Avoiding fake batteries - how?

Batteries, Chargers, and Battery Management Systems.
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adriftatsea   100 W

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Re: Avoiding fake batteries - how?

Post by adriftatsea » Nov 30 2014 8:48pm

dnmun wrote:... lecture by JB Strausel ... talked kinda obliquely about his ideas about the future form factors.
The original video link was removed, but I went to Youtube and devoured a few talks by Strausel :). The bit about the 18650 form factor appears 45m25s in: https://www.youtube.com/watch?v=zWSox7mLbyE&t=45m25s
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Re: Avoiding fake batteries - how?

Post by okashira » Nov 30 2014 9:16pm

I think the gigafactory cells will be something like 21750 or 20750; 5000 mAh.
I am sure they will be pretty awesome...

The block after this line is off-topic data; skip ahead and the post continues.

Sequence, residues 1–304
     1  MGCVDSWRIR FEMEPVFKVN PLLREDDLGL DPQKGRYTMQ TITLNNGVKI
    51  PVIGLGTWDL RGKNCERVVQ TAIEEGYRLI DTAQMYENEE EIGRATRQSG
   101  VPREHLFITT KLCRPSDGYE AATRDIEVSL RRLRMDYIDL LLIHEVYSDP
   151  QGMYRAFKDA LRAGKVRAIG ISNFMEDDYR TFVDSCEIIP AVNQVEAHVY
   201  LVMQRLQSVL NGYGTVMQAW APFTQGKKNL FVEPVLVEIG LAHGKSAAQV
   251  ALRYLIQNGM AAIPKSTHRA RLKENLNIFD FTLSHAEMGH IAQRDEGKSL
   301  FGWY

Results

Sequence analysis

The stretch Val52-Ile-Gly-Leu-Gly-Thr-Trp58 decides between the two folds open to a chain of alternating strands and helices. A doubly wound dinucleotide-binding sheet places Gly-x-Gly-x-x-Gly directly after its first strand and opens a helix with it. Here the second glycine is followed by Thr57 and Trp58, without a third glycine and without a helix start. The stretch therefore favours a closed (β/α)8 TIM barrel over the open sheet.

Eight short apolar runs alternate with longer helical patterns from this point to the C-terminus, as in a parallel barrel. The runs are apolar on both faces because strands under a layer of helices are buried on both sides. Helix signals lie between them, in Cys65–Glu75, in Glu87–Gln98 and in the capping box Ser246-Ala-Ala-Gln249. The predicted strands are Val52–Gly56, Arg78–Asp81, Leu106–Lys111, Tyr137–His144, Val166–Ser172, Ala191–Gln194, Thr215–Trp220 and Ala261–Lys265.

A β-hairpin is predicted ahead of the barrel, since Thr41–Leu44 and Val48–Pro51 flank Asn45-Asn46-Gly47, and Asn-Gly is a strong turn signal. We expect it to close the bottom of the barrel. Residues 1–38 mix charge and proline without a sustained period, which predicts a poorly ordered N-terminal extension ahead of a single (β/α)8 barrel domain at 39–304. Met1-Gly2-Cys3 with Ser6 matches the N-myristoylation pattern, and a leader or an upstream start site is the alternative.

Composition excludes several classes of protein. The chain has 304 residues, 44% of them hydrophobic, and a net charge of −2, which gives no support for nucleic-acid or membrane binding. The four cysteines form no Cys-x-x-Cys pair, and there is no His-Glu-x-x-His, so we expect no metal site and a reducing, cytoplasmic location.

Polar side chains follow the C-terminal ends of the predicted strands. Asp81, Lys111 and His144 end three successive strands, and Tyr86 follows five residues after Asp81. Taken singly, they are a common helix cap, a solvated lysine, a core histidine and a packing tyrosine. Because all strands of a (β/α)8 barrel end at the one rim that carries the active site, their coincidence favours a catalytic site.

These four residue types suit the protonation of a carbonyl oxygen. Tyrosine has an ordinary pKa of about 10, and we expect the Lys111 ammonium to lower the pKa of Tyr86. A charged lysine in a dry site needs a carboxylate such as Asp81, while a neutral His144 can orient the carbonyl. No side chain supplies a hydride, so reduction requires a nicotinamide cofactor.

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Re: Avoiding fake batteries - how?

Post by ricklearned » Dec 01 2014 11:19am

If so, I wonder how much energy density Tesla would gain vs. just volumetric density. That change in form factor would imply a redesign of the skateboard. Presumably they would keep the basic attachment points for upgraders and battery swaps. Any hints about this from Musk or Straubel?

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Re: Avoiding fake batteries - how?

Post by sven_nilsson » Dec 03 2014 5:53am

Hi!

I recently purchased some A123 ANR26650M1B cells from HK.

The cells delivered did not match the picures shown to me when ordering. There is no A123 logo, and the model number says "ANR26650" instead of "ANR26650M1B".

According to some info I found, they maybe be real A123 cells but B-grade. Rejected samples from the normal production line, not within specifications, and sold without warranty.

I filed a complaint to the seller, who claims that the cells are A-grade because B-grade cells have no barcode. He also claims that after A123 went bankrupt, virtually all cells on the market are without A123 logo.

I tested the cells and they deliver the stated capacity of 2.5Ah. Current handling is difficult to test due to the extreme currents over 100A.

Does anyone know what these cells are?

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Re: Avoiding fake batteries - how?